The Spirit of the Qur’an

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The Spirit of the Qur’an

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The Qur’an is the Word of God, revealed to the Prophet Muhammad through human language. No other sacred scripture has ever had a similarly immediate impact upon the lives of the people who first heard its message and, through them and the generations that followed them, on the entire course of civilization. The Qur’an comprehensively answers the question, “How shall I behave to achieve the good life in this world and happiness in the life to come?”

The Qur’an is an “open” book, a spiritual and moral resource that, properly understood, provides Muslims with helpful guidance through the complex maze of modern life. The Qur’an came to speak to all of humanity. However, it came to say not in a vacuum but within a historical context. Hence, its immediate objective was the moral and religious situation of the Arabs of the Prophet’s time

The Qur’an is a compendium of admonitions, commandments, prescriptions, proscriptions, injunctions, edicts, and sermons. If the Qur’an is the divine word of guidance, the Prophet’s life is a model that transmuted its message into a persona. He was the Qur’anic figurehead who best expressed the ideals of the Islamic faith in human incarnation. He was sent with this Book to serve as an all-embracing code of ethics, morality, and religious duties that would last unto eternity. Just as the Qur’an embraces every facet of human life, so does the life of the Prophet to penetrate with exceptional versatility the domain of human experience, both public and private.

While there are several translations of the Qur’an in several languages, they cannot substitute the original Arabic, where we can see the real import of the verses through their application to our changing context. While every language has words and concepts which have no counterpart in others, oriental languages are saturated with words that are invested with meanings not recorded in dictionaries. I have always carried a conviction that English is not adequately equipped to convey the subtleties of an Eastern language like Arabic, whose individual words are laden with great luminosity. Finding an exact and concise equivalent in English for Arabic words is virtually impossible. Hence all translations of the Qur’an are, at best available translations. One of the most evident problems in the translation of any religious text is the differences between the culture of the original text and the new culture for which the text has been translated in cases where there are doctrinal differences among groups within the faith, competing translations of ambiguous passages tend to arise.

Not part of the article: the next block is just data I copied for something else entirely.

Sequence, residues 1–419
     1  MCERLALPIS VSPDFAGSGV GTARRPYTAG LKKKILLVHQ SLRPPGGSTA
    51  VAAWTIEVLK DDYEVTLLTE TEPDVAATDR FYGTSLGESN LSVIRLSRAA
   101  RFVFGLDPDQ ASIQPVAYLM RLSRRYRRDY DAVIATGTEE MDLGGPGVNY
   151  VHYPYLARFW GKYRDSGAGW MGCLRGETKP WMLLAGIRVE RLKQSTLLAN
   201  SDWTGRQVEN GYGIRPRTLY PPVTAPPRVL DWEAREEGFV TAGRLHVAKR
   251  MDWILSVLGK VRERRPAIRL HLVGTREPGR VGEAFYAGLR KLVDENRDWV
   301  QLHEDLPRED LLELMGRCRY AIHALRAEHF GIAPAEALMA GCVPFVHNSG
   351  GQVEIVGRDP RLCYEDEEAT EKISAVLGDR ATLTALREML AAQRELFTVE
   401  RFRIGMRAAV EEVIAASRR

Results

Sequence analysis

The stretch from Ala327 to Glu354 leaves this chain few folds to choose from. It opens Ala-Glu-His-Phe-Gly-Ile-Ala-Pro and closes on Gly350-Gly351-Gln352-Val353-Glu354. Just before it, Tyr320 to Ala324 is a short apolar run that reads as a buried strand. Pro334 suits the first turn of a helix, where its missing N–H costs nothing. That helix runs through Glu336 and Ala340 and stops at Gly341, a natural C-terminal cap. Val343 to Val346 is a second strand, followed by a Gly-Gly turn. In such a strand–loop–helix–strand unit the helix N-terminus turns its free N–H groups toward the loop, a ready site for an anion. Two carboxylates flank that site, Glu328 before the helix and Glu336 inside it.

For too long, a group of narrow-minded elite religious clerics has usurped the power to interpret the Qur’an. It is time even ordinary Muslims get to be part of the process, whatever their background whatever their level of knowledge. Rather than being told by clerics what to think, Muslims everywhere must return to the religious duty of actively participating in interpretation – which can only come from a lively debate. The Muslim community is, fortunately, developing a new understanding of what it means to be a Muslim in the 21st century and understand the Qur’an from the Qur’an itself

It represents the ultimate manifestation of God’s grace to man, the eternal wisdom, and the most divine beauty of expression: The accurate word of God. The Qur’an is an “open” book a spiritual and moral resource that, if properly understood, provides Muslims with helpful guidance through the complexities of modern life. It came to speak to all of humanity. However, it came to say not in a vacuum but within a historical context. Hence, its immediate objective was the moral and religious milieu of the Arabs of the Prophet’s time.